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Dell struggled to dispel Wall Street concerns about its performance on Thursday despite reporting quarterly figures that showed underlying sales growth and earnings broadly in line with forecasts.

In a watershed moment for one of the most successful technology companies of the past two decades, Dell forecast that the current quarter would be the first period of below double digit revenue growth since the technology collapse at the turn of the decade.

Meanwhile, Kevin Rollins, chief executive, said Dell had instigated special measures to reverse a deterioration in its customer service levels.

“As a management team, we deem this unacceptable,” he said. Steps included an increase in the number of customer support staff, simpler navigation on the company’s website and more production plants, he added.

Dell’s financial performance in its previous two quarters had fallen short of expectations as it struggled with weaknesses in its widely-admired business model. On Thursday, Mr Rollins said the company had fixed some of the management issues it had faced, though it still had further to go.

Dell executives faced a barrage of questions from analysts over whether the company’s slowing growth rate and declining profit margins indicated that it was facing a long-term shift in its business model. By selling direct to customers over the internet and building computers to order, Dell has been able to sustain profit margins consistently higher than other PC makers.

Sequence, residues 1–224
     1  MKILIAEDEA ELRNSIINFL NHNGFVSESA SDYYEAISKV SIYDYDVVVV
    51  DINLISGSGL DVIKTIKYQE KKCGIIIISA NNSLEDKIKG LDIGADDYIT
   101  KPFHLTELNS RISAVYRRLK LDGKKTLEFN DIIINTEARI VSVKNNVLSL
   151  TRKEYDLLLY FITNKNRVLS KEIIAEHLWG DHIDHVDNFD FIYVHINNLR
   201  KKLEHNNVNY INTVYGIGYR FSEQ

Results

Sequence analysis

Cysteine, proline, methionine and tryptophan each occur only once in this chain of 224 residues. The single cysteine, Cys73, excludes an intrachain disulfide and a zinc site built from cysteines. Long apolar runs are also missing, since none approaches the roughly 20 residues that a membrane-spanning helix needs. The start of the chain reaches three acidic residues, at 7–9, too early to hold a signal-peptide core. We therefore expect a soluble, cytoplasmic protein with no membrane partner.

Responding to suggestions that Dell no longer appeared to be growing faster than rivals such as Hewlett-Packard, Mr Rollins said: “It doesn’t seem like we’re in the pack at all. We intend to grow, we intend to grow and take share, as we have historically.” Sales are likely to expand by between 6-9 per cent in the latest quarter, the company indicated.

Mr Rollins added that the company was examining whether changing conditions in the PC and server markets pointed to longer term changes in the company’s financial model, and that it would give more details at an analysts’ meeting in April.

One-off factors helped to lift the reported revenues and earnings above its own and Wall Street estimates in the final quarter of last fiscal year, Dell said. With a higher proportion of earnings than expected coming from lower-tax countries outside the US, the tax charge in the latest quarter was 1 cent a share lower than forecast, Dell said. It also attributed 2-3 percentage points of its growth rate to an unexpected increase in sales due to the fact that the latest fiscal quarter was one week longer than the same period a year before.

Revenues rose 13 per cent during the quarter, to $15.2bn, while net income climbed 52 per cent to $1.012bn, or 43 cents a share. Wall Street had expected earnings of 41 cents a share on revenues of $14.83bn.

Dell shares slid 4.5 per cent to $30.50 in early trading on Nasdaq.

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